The Bridge to Fluency (Part 2)

The Bridge to Fluency: Piece by piece we put it together

Published interventions and curriculum based interventions (CBIs

While published interventions have tremendous merit, they typically follow principles all effective interventions adhere to. These principles are rarely unique to a specific programme. One benefit of these programmes is that they have been organised and structured according to a best-fit model to make planning and implementation easier, with research generally supporting their use.

Drawbacks of published programmes include:

- they are expensive to purchase

- are almost always extra-curricular

- often cost more to maintain and upgrade - there is little time available for effective implementation, and, as is the case for many interventions...

- the strategies and skills learnt do not generalise.

Easing the pressure

With continued budget pressures and specialist teachers few and far between, we need to re-engage with the principles of interventions and develop our awareness of how these can be delivered as effectively as possible. Our over-dependence on published interventions, rather than the principles that guide them, is no longer sustainable with schools struggling to find the finances, expertise, personnel, and time to administer these to a growing number of students.

Possible solutions?

Curriculum- based interventions (CBIs– often referred to as “curriculum-based measurement”) target multiple areas of reading fluency and rely on principles of interventions but cost little, if anything. Some degree of “training” is required, but this can be done on one’s own through a variety of tutorials available with a simple online search. Flexibility and use of a student’s existing curriculum and contexts make CBIs an attractive alternative, as does the fact they address fluency. Many interventions involved in CBIs are easy to use, cost nothing, and require only the creation of materials and photocopying. An online search of non-published evidence-based strategies such as repeated reading, incremental rehearsal, and supported cloze procedure will yield many results, including “how to” videos.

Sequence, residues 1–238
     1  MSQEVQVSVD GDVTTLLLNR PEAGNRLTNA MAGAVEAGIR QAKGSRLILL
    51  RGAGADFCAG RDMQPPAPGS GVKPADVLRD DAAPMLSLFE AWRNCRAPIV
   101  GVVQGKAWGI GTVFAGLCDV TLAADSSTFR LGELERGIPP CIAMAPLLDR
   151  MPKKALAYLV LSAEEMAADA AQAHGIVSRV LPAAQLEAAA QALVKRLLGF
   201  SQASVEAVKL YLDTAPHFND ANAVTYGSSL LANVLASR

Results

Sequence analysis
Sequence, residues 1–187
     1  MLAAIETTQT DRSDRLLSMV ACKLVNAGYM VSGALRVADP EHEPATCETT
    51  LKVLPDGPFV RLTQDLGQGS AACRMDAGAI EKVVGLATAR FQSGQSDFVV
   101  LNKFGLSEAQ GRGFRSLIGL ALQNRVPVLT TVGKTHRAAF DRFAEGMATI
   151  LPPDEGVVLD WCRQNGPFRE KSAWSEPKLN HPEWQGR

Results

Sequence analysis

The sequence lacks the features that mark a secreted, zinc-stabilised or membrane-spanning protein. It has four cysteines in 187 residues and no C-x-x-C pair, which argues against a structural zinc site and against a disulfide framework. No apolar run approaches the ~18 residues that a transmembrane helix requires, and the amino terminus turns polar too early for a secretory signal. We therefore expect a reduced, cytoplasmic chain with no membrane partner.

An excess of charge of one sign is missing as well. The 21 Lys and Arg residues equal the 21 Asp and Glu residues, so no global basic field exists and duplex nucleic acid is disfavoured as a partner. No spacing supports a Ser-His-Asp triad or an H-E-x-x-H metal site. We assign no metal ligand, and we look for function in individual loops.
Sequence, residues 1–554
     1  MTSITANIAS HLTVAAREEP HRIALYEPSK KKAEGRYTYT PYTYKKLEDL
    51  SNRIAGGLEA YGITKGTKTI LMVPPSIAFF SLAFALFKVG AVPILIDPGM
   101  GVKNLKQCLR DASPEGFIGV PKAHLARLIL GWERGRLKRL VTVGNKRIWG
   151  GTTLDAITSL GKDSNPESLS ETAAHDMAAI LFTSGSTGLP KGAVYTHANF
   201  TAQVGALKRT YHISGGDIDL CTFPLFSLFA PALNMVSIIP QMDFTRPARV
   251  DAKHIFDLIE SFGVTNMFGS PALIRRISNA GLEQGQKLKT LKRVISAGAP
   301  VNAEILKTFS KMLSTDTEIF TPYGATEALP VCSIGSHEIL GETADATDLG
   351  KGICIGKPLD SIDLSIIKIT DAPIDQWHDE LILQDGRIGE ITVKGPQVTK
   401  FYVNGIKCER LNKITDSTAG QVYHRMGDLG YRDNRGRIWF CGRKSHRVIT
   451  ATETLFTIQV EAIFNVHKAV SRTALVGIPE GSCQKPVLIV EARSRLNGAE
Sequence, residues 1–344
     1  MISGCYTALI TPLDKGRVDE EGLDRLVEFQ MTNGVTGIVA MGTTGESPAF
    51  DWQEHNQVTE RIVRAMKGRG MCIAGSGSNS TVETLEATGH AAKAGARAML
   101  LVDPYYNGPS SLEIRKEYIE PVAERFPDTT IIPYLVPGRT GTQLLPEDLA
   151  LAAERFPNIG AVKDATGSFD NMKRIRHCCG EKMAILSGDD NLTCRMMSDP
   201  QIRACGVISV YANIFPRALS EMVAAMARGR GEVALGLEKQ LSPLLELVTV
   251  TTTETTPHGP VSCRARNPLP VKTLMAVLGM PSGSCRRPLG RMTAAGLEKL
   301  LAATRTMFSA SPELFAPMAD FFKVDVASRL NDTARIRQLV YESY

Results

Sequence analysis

CBIs show us that students can improve their fluency and it does not have to cost a fortune. With an extensive evidence-base, CBIs have taken off in the USA where all schools have SEN-trained teachers who collaborate with their mainstream colleagues to administer interventions and differentiate lessons. Here in the UK, we have been caught on the back foot, with few mainstream teachers saying they feel equipped to address a growing number of learning needs (including reading) in their classrooms.

A return to the professionalisation of special education as a teacher-training route will also empower SENCOs and ensure schools are better prepared to build this bridge for a growing number of students requiring learning support. My own “blue-sky” thinking would see every school with an interventions teacher, trained in best-practice SEN across subjects and developmental ages.

All other English-speaking nations do this, highlighting the need for yet another bridge to be built between our education systems, even if this is a long-term goal.

For now, however, let’s build The Bridge to Fluency.

Future generations will thank us.